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Cybersecurity Tips for Grandparents in 2022

As we approach Grandparents Day on September 11th, we need to help educate our friends and family on a few easy to communicate cybersecurity tips to help them stay safe. Sometimes it can be difficult to communicate technical information in a way that non-technical people can understand and retain.

Stay Skeptical

Some people, especially older people, assume the best from people they interact with, even in a virtual environment. You should encourage them to never assume that a stranger online is a trustworthy person. Even if the message appears to come from someone they know, they should exercise caution when anything arrives via email, instant messaging apps, or social media. If in doubt, throw it out!

Don’t click that link

A phishing attack typically begins with an unsolicited email or social media message in which the fraudster impersonates a trusted entity and attempts to persuade you to hand over your sensitive data, such as credit card details or login credentials. Be wary of clicking on links or opening attachments in emails even if the message appears to be from a known and trusted source.

There is no free lunch

You didn’t win anything and you should never trade something of value for a chance any winning something. A message might warn you that time is limited and you don’t want to miss an opportunity to get a free prize, but never send money or your valuable information to collect a free prize. Never send anything of value (credit card data, gift cards, etc.) in response to these types of messages.

Never Send Money

Romance scams have been high on the list of the most common scams against seniors for many years, which may not be surprising in the sense that loneliness is one of the most common issues many seniors face. Never send money to anyone for any reason because it is probably a scam. Even if it is a loved one needing bail money, call the jail or bail bondsman directly to arrange payment.

When in doubt, Hang up

If you feel a con artist is on the other end of the phone, hang up immediately. If they are threatening you with jail time if you don’t send money, hang up and call the police to let them know what is happening.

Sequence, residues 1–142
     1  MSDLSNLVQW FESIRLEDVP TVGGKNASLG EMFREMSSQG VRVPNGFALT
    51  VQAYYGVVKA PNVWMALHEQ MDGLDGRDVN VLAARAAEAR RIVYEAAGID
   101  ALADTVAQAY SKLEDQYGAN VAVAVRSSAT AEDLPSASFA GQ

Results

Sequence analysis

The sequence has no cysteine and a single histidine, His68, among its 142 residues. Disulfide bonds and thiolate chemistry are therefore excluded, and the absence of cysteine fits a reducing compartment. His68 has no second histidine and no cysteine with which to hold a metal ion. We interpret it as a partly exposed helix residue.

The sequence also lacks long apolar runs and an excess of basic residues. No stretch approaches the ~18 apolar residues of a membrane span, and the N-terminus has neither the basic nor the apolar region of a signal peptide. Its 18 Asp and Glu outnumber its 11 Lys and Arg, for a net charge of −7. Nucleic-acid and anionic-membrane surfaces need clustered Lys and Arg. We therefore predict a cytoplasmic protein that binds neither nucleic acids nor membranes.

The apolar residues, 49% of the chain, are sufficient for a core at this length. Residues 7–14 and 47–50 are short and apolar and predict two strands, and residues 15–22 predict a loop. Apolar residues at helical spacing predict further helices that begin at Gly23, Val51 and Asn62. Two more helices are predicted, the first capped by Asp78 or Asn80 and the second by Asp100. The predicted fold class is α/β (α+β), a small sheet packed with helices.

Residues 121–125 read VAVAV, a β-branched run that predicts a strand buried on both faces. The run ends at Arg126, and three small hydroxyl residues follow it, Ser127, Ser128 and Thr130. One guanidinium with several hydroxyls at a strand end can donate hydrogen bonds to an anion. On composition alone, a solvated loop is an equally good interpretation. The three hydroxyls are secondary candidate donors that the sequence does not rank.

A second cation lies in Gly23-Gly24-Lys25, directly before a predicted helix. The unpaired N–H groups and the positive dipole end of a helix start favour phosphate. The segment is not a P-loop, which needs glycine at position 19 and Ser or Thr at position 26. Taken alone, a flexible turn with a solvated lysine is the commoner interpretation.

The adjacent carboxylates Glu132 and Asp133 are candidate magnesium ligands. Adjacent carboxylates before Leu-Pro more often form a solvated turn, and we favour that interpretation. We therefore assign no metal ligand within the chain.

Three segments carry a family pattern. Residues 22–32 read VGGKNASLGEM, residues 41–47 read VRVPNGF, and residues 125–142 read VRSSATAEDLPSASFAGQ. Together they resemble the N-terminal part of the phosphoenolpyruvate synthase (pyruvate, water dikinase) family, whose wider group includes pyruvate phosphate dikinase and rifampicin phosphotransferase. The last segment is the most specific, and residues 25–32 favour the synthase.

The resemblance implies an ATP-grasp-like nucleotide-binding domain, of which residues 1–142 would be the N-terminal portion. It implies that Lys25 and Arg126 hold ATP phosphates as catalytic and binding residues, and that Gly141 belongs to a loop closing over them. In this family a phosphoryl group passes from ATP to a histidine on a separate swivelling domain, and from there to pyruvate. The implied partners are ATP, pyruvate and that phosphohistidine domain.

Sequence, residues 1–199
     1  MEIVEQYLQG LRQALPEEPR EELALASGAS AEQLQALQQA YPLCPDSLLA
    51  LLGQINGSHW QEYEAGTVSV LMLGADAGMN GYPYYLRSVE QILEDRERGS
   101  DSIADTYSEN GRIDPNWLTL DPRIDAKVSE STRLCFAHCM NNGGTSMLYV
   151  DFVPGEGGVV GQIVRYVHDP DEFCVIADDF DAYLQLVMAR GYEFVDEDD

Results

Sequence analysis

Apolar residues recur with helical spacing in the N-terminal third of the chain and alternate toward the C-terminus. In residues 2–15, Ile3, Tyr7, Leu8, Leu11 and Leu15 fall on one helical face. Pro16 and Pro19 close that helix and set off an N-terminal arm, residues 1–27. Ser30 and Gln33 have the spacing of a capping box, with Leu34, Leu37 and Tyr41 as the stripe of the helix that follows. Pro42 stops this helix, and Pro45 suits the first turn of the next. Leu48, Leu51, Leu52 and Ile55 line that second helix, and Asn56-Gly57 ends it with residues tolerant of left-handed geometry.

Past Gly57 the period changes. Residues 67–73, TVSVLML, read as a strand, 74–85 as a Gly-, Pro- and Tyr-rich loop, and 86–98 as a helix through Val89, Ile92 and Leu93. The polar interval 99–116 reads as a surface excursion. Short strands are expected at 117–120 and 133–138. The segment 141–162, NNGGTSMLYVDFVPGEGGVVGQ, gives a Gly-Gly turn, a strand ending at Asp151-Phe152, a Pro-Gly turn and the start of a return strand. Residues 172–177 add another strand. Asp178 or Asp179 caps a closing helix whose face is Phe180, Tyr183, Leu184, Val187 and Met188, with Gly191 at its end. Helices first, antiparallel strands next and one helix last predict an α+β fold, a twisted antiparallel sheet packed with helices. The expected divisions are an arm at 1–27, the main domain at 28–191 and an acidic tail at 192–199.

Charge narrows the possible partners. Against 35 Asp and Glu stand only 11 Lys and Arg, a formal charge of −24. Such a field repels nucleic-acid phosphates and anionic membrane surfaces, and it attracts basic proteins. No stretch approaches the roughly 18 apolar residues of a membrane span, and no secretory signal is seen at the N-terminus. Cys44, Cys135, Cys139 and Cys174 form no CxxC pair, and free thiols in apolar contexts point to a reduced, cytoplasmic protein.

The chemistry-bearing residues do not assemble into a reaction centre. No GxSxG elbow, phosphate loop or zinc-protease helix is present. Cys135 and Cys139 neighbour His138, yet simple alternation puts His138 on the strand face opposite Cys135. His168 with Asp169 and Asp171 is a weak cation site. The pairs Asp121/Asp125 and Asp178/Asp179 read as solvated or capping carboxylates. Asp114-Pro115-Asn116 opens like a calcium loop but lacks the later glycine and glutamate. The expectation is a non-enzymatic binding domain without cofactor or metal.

Understanding the NIST Cybersecurity Framework


The Cybersecurity Framework Set was an optional standard created by the National Institute of Standards and Technology under the United States Commerce Department. This set of guidelines for private sector companies is intended to help them be  better prepared in identifying, detecting, and responding to cyber-attacks. It also includes some guidelines on how to prevent and recover from a cyberattack.

The NIST Cybersecurity Framework is intended to address the lack of standards when it comes to cybersecurity. As with almost everything else that deals with technology, there are currently major differences in the way companies are using technology to detect and remediate attacks from hackers, malicious users, and ransomware.

With the complexity and frequency of cyberattacks growing each day, the task of detecting and preventing cyberattacks has gotten too difficult and complex to be left to chance, and a lack of a strategy among most organizations only makes this effort more difficult.

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Cloud Security Best Practice

There are several things you can do to improve the security of your online cloud environment. Protect your business assets by enabling specific controls when available.

  1. Access Control – Enable Multi-Factor Authentication (MFA) and Conditional Access when possible. This means requiring not just usernames and passwords to access your critical cloud-based systems, but also requiring multi-factor authentication. Instead of allowing user access with just something you know (password), also require a user to prove their identity with something they have (cellphone) or something they are (fingerprint). You may also be able to enable conditional access, which allows an administrator to add additional requirements to your login process, like only allowing you to log into the cloud environment using an authorized laptop, from a specific location, etc.
  2. Improve Security Posture – Use the tools available from your cloud provider to improve your overall security posture. Microsoft Azure offers a secure score rating, showing you recommended actions and comparing your security profile to other tenants. This can drive security changes that you may not even know are possible and provide instructions specific to your environment.
  3. Secure Your Applications – Train your developers in security best practices such as Security Development Lifecycle (SDL) and test for common development issues using OWASP as a guide. Encrypt everything possible, including all internal and external connections. All data that is stored or processed should also be encrypted. Your backups should be encrypted and stored in a secure location away from the production data. Review your relationships with all vendors to make sure it is crystal clear who is responsible for all aspects of your security. You are responsible for everything unless it is specifically stated otherwise in your vendor contract.